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Report: E-Reading Soars, Shift from Print to E-Books Continues

People who read e-books say they spend more time reading in general, according to study.

Over one-fifth of Americans have read an e-book, ebook ownership is way up after the 2011 holiday shopping season, and one-third of people who read e-books now say they spend more time reading in general, a topically broad-ranging study on e-reading habits by the Pew Internet & American Life Project found.

21 percent of American adults age 18 and older say they've read an e-book in the past 12 months, up from 17 percent in a pre-holiday survey. That coincides with the study's finding that ownership of e-books readers like Amazon's Kindle and Barnes & Noble's Nook nearly doubled between December and January. Ownership of tablets like the iPad and Kindle Fire, which can also be used to read e-books, nearly doubled as well during the same period.

The study found that the total number of people who'd read an ebook in the past 12 months is now 29 percent — virtually the same for both male and female readers. It climbs to 34 percent for those aged 18 to 29 as well as 30 to 49, dropping to 23 percent for those aged 50 to 64, but still a respectable 17 percent for e-book readers over 65.

Education and household income factor, too. While 19 percent of those who say they read an e-book in the past 12 months had up to a high school education, the number leaps to 34 percent for "some college" and 35 percent for college grads. For those making less than $50,000 a year, the percentage was between 20 and 25, but leaps to 35 percent for income ranges between $50,000 and $75,000, increasing a few more points to 38 percent for anyone with an income of greater than $75,000. In other words, there's a pretty significant income-class gap between those making above or below the median U.S. household income.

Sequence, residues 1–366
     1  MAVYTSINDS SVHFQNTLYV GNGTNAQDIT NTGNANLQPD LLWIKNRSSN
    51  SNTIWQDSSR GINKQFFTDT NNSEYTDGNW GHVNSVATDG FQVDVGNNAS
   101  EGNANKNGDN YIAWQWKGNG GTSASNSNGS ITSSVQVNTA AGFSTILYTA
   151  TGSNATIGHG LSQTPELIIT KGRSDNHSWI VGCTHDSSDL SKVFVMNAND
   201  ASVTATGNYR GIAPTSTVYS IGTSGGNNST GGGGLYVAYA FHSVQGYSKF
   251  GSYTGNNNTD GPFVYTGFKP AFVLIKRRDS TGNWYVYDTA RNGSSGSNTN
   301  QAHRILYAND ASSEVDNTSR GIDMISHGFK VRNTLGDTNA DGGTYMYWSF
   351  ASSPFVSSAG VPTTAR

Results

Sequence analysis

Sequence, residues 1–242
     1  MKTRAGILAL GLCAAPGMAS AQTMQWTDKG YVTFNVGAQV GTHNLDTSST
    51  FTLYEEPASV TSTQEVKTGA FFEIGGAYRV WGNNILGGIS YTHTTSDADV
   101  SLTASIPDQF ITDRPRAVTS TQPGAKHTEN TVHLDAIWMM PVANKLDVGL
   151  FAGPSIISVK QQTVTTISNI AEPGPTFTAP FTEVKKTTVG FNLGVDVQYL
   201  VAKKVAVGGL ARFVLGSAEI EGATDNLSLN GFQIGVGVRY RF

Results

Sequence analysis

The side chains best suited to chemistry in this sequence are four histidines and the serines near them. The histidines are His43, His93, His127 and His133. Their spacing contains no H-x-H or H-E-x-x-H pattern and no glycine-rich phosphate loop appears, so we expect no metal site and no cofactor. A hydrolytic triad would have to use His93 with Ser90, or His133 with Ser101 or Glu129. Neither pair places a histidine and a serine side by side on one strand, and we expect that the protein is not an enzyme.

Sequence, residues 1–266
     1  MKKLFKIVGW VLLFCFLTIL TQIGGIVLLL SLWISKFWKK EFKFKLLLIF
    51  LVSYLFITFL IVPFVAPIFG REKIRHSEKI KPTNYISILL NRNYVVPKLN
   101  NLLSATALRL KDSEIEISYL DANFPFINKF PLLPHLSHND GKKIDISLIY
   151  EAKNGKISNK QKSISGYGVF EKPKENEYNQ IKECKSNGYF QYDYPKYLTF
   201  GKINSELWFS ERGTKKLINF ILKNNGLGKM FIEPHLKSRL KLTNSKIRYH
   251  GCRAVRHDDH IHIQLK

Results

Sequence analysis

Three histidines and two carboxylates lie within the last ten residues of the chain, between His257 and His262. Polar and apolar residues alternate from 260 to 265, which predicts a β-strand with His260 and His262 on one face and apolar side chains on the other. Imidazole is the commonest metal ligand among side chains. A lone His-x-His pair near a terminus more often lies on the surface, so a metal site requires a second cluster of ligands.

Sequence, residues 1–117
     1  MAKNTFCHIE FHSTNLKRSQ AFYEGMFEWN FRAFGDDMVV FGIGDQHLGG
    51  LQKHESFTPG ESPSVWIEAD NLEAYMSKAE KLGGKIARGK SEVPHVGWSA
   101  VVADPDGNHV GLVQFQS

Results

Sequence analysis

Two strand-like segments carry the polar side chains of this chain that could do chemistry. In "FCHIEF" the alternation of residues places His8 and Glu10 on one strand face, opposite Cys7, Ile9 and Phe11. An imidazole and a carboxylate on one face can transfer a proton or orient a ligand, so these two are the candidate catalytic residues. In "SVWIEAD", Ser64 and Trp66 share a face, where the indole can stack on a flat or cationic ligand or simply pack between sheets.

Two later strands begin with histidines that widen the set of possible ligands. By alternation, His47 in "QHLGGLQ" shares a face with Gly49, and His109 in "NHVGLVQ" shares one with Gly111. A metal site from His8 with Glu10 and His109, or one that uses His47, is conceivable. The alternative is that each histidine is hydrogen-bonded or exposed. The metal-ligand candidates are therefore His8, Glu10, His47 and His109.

As for how many e-books we're talking about in a given period, the study found e-book readers claim to have read 24 e-books on average over the past 12 months, compared with an average of just 15 books by non-ebook consumers. What's more, the study found that 42 percent of people who read e-books on tablets or dedicated e-book readers say they've read more books in general. And if you're looking for a difference in terms of the number of books read when comparing people who read on tablets versus those who use dedicated e-book readers, the study found there essentially wasn't one.

While print remains the dominant medium for consuming books, the study found that four times as many people are reading e-books on a given day than two years ago.

Among the study's unexpected findings: 42 percent of e-book readers say they read e-books on computers (non-tablet, non-e-reader), while 41 percent use a dedicated e-book reader like a Kindle or Nook, a surprising 29 percent use their phone, and 23 percent use a tablet computer.

No surprise, the study found that people valued e-books for speed of access to content as well as portability, but preferred print books when reading to children or sharing books with others. And a significant number of people who read e-books still can't find the content they want in e-book format — presumably a factor holding back a broader shift from print to digital.

The good news for e-book resellers: A majority of e-book readers — fully 61 percent — prefer to purchase rather than borrow e-books (the number drops to 54 percent for print book readers, though still a majority).

Matt Peckham writes for TIME and PCWorld. You can find him on Twitter, Facebook, or Google+.

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